Stories of stem cell injections are all over the news these days. Every time a new stem cell or PRP clinic opens in town, the local news station has to run down and get the story. Whenever a pro athlete receives stem cell injections to recover from injury, the sports media is on the case. Yet there are still plenty of people who don’t know much about stem cell injections despite all the media coverage.
According to the Advanced Regenerative Medicine Institute (ARMI) out of Salt Lake City, UT, stem cell injections are routinely used these days to treat osteoarthritis, musculoskeletal injuries, and chronic pain. ARMI trains doctors to safely and properly administer the injections under established FDA rules.
What doctors learn at the ARMI enables them to offer both stem cell and PRP therapies to their patients. They come away from their ARMI training with a lot more knowledge than they went in with. For example, check out these four things most people don’t know about stem cell injections:
1. They Are FDA Approved
The kinds of procedures doctors trained by ARMI offer are already FDA approved despite news reports to the contrary. FDA regulations allow for the use of minimally manipulated autologous material without a need for further approval. So as long as doctors stay within the confines of the FDA’s definition minimally manipulated autologous stem cells, there is no problem from a regulatory standpoint.
2. Patients Donate Their Own Stem Cells
The use of autologous stem cell material is key to what doctors are doing with stem cell injections for musculoskeletal issues and chronic pain. What is autologous material? It is material supplied directly by the patient being treated.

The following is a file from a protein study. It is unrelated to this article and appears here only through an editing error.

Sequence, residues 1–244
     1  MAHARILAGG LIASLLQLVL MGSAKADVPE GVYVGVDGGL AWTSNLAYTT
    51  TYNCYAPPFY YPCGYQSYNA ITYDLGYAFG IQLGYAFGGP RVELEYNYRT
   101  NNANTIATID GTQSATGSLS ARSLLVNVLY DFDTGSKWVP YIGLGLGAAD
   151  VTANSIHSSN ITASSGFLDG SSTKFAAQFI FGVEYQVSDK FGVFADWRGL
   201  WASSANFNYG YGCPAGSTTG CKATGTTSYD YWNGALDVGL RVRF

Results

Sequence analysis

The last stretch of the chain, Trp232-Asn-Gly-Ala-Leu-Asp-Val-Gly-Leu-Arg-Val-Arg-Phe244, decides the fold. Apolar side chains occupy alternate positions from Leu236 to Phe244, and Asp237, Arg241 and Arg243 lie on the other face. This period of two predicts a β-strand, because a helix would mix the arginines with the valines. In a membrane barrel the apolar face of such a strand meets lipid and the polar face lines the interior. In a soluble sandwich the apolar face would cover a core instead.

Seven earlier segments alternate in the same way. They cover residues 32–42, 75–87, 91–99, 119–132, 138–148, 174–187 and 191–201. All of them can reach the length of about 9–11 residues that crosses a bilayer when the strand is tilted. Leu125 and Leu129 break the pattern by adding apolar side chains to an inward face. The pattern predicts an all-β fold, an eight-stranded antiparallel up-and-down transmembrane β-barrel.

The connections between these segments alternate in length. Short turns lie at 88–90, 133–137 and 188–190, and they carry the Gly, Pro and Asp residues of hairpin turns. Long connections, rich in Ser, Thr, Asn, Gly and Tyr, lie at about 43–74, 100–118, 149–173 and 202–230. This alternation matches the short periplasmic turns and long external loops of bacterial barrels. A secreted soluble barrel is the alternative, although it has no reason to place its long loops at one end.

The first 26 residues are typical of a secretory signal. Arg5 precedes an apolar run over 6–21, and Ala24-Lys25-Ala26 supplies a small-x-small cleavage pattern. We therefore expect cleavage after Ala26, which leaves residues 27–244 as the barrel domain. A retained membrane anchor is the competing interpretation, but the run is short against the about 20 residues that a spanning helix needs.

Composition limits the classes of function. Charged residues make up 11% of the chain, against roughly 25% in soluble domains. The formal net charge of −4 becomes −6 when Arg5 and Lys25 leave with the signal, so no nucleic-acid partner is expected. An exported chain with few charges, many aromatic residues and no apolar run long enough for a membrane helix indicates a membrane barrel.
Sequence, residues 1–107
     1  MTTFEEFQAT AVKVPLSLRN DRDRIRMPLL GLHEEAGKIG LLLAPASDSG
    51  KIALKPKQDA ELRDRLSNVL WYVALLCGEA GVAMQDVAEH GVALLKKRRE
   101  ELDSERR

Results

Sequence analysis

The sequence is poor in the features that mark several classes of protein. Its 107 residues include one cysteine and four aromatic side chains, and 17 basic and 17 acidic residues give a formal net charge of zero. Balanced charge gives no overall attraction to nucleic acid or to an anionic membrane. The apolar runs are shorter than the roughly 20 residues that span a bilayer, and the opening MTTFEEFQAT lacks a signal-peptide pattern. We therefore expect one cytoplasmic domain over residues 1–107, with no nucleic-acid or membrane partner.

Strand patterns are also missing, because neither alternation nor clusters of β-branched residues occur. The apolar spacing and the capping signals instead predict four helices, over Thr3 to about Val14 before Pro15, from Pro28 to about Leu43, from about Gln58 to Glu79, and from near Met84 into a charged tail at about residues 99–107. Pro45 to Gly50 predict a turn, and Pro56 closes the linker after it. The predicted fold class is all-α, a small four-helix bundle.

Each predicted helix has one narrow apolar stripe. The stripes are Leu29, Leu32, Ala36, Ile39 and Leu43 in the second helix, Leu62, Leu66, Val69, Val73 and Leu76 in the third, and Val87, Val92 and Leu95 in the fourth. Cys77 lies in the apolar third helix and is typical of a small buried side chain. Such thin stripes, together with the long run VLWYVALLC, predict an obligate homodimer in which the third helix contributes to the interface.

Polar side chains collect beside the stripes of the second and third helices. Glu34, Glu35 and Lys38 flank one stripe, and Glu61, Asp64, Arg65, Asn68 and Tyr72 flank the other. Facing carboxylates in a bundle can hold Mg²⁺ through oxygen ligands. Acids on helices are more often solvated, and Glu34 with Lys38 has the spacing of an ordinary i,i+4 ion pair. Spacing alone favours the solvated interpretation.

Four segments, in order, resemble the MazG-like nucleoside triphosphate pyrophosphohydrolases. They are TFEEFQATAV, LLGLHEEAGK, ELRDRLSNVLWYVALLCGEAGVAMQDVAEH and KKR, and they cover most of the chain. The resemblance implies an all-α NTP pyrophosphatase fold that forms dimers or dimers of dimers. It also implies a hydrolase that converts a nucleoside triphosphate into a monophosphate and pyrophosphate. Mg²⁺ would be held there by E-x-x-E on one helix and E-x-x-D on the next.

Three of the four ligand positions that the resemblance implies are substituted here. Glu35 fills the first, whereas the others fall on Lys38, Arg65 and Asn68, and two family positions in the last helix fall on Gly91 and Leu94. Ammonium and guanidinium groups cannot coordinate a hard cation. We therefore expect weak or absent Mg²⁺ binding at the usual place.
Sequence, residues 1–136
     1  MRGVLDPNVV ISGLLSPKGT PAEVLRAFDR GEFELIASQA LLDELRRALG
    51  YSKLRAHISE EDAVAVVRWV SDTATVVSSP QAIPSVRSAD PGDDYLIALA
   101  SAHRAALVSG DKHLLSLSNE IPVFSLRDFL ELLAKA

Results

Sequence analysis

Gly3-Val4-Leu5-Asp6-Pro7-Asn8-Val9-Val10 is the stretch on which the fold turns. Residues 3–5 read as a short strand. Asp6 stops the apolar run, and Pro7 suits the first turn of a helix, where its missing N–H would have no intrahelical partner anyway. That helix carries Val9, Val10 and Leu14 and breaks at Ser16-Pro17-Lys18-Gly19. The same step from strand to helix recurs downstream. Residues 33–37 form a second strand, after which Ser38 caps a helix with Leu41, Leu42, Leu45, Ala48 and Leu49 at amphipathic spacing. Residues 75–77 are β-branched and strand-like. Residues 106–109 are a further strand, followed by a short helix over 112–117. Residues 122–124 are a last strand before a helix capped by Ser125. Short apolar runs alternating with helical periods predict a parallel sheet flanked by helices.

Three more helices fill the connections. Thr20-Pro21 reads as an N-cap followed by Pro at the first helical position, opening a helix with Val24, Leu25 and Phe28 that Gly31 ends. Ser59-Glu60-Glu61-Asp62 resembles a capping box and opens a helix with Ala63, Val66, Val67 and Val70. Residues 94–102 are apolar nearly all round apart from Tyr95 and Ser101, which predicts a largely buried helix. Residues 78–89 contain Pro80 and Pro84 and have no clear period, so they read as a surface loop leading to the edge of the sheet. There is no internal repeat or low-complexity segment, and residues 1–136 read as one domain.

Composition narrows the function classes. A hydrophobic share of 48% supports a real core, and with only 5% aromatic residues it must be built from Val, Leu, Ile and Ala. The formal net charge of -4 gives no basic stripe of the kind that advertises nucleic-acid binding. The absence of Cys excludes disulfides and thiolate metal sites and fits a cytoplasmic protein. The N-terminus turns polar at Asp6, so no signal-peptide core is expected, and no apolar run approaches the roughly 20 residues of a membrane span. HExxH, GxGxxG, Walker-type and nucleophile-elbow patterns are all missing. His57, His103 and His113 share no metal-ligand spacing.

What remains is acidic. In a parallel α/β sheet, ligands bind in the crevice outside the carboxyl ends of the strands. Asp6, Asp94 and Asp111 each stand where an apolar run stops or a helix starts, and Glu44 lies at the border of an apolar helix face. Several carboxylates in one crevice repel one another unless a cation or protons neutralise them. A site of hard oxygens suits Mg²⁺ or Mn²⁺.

If you were to see an ARMI trained doctor for stem cell injections to treat a painful knee, such injections would be preceded by a blood or fat tissue draw. The blood or fat tissue you supply would be processed in a specialized centrifuge to isolate the desired cells. Those cells would then be injected into your painful knee.
3. The Risk of Complications Is Low
One of the big reasons the FDA approves of minimally manipulated, autologous material for injection is the fact that the risk of using such material is extremely low. Remember, the patient donates his or her own stem cells. That means there is zero risk of rejection. Likewise, complications are rare.
The most prevalent risk associated with stem cell injections is that of infection. Yet infection is always a risk with any kind of injection. It is a minor risk at that. We do not shy away from inoculations or steroid injections because of the risk of infection, so there is no need to place too much emphasis on the risk of infection for stem cell procedures.
4. Recovery Time Is Fairly Quick
Finally, the recovery time required after stem cell injections is relatively quick. Patients typically walk out of the office with a minimal amount of pain. Depending on the purpose of the injections, they begin to see improvement in their pain within several days. Rarely are patients debilitated by the pain of injections.
Unlike surgery, it doesn’t take weeks or months to recover from stem cell injections either. In fact, many patients discover their normal activities are not at all inhibited by their treatments.
Stem cell injections are proving to be an extremely popular choice for people hoping to avoid surgery, steroid injections, and long-term pain medication. The more that people learn about the injections, the more they are coming to understand there is little to fear.